A new book wants us to distinguish between ‘good’ and ‘bad’ experiences to help us spend our free time in ways that lead to more health and happiness, says Helen O’Callaghan
James Wallman spent the weekend hanging out with his children, first in the garden of their London home, where Woodrow, five, chased bugs and butterflies and Wallman did some gardening. Then onto the park — Woodrow fed and chased pigeons and Wallman and India-May, seven, swung in a double hammock while reading poetry.
A cultural commentator and trend forecaster, Wallman is author of just-published Time And How To Spend It - and how he spent his weekend isn’t just something he fell into on Saturday morning because he couldn’t think what else to do. Wallman’s aim is to spend his leisure time on the right kind of experiences — “not junk, empty ones but healthy, nurturing, exciting ones that are more likely to supply the vital bricks for enduring happiness and success”.
Ability to distinguish between good and bad experiences and to “use this information to effectively guide your thinking and actions” is how he defines ‘experience intelligence’ — essential, he says, for spending our free time in ways that lead to more happiness and success.
According to Wallman, we typically have 36-40 hours of disposable time every week to spend however we want. “We’re time-rich,” he says. Yet we feel time-poor — and for many reasons:
And there’s the endless ocean of possibilities, both digital and real-world — always something new to read or watch online, more things than ever to keep up with and visit and try out.
“We try to keep up by multitasking, [even] in our leisure time. Playing with our kids, we check Facebook and the football scores. We’re with one group of friends and posting pictures to another.”
Sociologists, he points out, say multitasking ‘contaminates’ time. Added to this, our internet addiction via devices like smartphones is eating up our free time.
“[In] 2007, the amount of leisure time we spent on them could be measured in minutes. Now it’s measured in hours — we spend, on average, three and a half hours a day online.” The premise of Wallman’s book is that science suggests ways of spending our free time that will make us happier. He condenses the ‘rules’ of experience intelligence into a STORIES checklist — each letter represents the essentials to look for when deciding how to spend your time.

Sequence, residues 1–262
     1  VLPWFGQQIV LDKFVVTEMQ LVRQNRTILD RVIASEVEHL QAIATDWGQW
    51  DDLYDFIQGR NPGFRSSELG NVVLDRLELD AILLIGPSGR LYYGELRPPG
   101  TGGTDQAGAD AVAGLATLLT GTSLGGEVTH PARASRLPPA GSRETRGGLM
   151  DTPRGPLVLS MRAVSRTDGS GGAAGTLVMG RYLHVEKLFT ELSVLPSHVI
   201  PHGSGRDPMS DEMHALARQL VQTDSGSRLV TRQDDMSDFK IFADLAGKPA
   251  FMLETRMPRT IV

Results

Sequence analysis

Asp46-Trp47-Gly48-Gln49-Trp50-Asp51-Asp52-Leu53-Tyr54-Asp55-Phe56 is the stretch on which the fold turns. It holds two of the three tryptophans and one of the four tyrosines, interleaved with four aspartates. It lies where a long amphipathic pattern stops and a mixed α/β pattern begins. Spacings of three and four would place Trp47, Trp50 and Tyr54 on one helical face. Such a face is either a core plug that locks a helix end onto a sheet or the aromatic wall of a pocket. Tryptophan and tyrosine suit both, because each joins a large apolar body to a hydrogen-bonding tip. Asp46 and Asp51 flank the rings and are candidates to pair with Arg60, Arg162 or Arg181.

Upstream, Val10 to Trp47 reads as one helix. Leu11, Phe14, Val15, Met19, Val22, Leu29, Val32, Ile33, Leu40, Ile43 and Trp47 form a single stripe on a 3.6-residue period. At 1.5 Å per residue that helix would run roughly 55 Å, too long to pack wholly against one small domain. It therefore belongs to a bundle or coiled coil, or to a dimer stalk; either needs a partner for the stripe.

Story: Choose experiences that produce stories. People who tell stories about their lives that follow ‘redemptive’ pattern — story begins with difficult event but ends with good result — are happier and more likely to connect with others.
See yourself as hero of your story — say ‘yes’ to adventure (go mountain climbing, have more picnics); see setbacks as vital opportunities to find allies/build skills. When telling your story, share the challenges, not just the highlights.
Transformation: Choose transforming experiences. “Whether major change, tweaking what’s there or the richer idea of growth and becoming, transformation’s vital for happiness.”
Maslow’s hierarchy of needs puts self-actualisation (‘becoming everything one’s capable of becoming) as the highest goal. What’s the change you want right now?
Wallman sees three degrees of transformation: ‘fly and flop’ (life’s busy/pressurised — swap it all for a week doing nothing under blue skies); ‘find and seek’ (go sightseeing with your explorer’s hat on); ‘go and become’ (learn to cook Szechuan cuisine, sail a boat, paint or walk the Camino).